Nik Wallenda says he feels 'relief' after volcano high wire stunt

MASAYA, Nicaragua -- Daredevil Nik Wallenda said he's feeling relief after pulling off a history-making 1,800-foot highwire walk across an active volcano live on television Wednesday evening.

"I haven't slept a lot in the last two-and-a-half weeks because of this event, so to be honest, I thought I can finally relax a little bit," he told Good Morning America.

Wallenda faced intense heat, poisonous gases and molten lava during the 30-minute walk, his "longest and highest highwire walk ever attempted," according to ABC, which aired the entire event as a live two-hour special.

PHOTOS: 'Volcano Live with Nik Wallenda'


He said his biggest challenge in traversing the Masaya Volcano in Nicaragua was battling the wind, which he said was worse than during his televised walk over the Grand Canyon.

"There was a point I took a step and the winds were so strong in my face, it pushed me backwards, and I thought I was going to have to step backwards so, again, we knew there were a lot of things we couldn't predict, but the winds were much worse than expected," he said.

The stuntman also said thick gases were a problem. He wore a gas mask during the walk to protect from dangerous haze but said it caused his eyes to wander, throwing off his equilibrium.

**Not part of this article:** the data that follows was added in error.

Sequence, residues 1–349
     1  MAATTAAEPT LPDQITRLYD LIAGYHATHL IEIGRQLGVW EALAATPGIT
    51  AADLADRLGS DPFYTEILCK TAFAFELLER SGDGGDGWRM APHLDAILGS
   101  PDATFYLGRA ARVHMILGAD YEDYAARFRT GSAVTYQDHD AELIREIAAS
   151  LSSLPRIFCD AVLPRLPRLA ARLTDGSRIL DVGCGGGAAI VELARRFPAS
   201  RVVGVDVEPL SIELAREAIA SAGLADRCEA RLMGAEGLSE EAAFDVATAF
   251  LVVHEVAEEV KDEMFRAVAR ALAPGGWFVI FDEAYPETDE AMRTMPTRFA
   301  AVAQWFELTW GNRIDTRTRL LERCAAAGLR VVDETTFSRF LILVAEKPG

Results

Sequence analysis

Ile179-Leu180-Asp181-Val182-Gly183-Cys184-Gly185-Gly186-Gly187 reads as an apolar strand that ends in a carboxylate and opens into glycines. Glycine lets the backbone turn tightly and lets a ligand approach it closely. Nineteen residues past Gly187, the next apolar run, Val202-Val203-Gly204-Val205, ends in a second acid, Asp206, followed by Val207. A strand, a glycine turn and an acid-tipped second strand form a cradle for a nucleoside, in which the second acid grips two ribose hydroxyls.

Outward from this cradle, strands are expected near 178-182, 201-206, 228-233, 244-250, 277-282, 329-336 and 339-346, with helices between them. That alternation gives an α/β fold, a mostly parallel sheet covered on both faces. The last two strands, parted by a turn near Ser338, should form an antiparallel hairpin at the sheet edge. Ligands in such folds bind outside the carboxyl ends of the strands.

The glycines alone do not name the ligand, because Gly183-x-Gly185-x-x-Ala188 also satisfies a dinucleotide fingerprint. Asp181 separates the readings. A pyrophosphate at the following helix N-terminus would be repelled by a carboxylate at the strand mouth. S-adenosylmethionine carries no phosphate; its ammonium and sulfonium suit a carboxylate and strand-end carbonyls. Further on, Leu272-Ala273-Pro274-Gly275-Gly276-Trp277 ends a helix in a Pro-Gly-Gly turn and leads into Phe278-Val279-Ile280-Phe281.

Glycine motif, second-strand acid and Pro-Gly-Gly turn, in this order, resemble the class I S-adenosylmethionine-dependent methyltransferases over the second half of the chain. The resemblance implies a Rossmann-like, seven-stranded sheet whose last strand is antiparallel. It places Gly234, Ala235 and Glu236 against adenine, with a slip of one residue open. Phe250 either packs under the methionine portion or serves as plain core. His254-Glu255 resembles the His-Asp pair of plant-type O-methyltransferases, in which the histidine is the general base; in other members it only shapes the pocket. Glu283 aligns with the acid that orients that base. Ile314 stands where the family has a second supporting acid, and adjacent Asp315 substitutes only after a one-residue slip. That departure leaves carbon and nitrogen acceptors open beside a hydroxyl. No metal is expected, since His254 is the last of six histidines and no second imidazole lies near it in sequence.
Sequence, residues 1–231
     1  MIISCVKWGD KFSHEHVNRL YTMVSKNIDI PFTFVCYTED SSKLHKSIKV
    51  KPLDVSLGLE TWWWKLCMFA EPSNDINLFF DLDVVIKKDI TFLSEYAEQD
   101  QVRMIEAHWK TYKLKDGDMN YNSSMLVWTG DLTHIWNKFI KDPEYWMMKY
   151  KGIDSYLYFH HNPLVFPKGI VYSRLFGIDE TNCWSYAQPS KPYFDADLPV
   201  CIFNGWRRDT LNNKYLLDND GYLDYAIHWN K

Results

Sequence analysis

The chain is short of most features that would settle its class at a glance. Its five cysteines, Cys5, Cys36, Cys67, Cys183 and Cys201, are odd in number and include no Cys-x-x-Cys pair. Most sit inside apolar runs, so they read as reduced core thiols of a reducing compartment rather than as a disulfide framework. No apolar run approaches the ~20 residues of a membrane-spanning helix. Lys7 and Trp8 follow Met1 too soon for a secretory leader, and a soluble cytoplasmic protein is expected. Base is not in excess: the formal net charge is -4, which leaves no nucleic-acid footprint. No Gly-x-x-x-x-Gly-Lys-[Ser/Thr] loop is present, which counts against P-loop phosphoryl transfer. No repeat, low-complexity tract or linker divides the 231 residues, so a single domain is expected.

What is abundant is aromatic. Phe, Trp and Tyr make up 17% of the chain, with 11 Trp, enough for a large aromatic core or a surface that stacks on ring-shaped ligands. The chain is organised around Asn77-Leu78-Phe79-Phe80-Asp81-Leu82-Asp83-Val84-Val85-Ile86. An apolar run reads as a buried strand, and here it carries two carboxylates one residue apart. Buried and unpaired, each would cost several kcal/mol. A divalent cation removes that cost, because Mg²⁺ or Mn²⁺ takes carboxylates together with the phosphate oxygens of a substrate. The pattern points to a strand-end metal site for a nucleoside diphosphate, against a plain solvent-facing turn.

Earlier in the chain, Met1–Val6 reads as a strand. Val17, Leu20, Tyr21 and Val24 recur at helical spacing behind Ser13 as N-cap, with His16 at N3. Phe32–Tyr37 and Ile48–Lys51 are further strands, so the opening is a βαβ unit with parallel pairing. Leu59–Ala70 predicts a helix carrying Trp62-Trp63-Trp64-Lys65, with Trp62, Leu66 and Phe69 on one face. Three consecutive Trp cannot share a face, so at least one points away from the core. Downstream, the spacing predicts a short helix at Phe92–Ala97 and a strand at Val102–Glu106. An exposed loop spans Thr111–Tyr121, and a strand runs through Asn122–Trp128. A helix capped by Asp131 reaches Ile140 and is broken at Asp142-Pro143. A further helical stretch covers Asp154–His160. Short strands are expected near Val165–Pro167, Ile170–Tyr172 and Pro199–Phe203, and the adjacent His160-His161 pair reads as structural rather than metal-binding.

Yet despite the danger, Wallenda said he was able to take in the beauty of Masaya.

"The wire was very stable, and the gases were thin at the very beginning and the very end of the walk, so it was pretty mesmerizing to be honest with you. I mean, it is indescribable to explain the lava flowing below," he said.

And while this may be his biggest professional challenge yet, this won't stop him from trying similar stunts in the future.

"I think at this point my life is about parallels. What can I do that will be similar and inspiring and motivational to others?" he said.

Wallenda is a seventh-generation acrobat and comes from a family of star tightrope-walkers.

For his last major stunt, his walk on live television over New York's Times Square, Wallenda was tethered in case of a fall. But that was more about a New York City ordinance than caring for his own safety.

The Associated Press contributed to this report.
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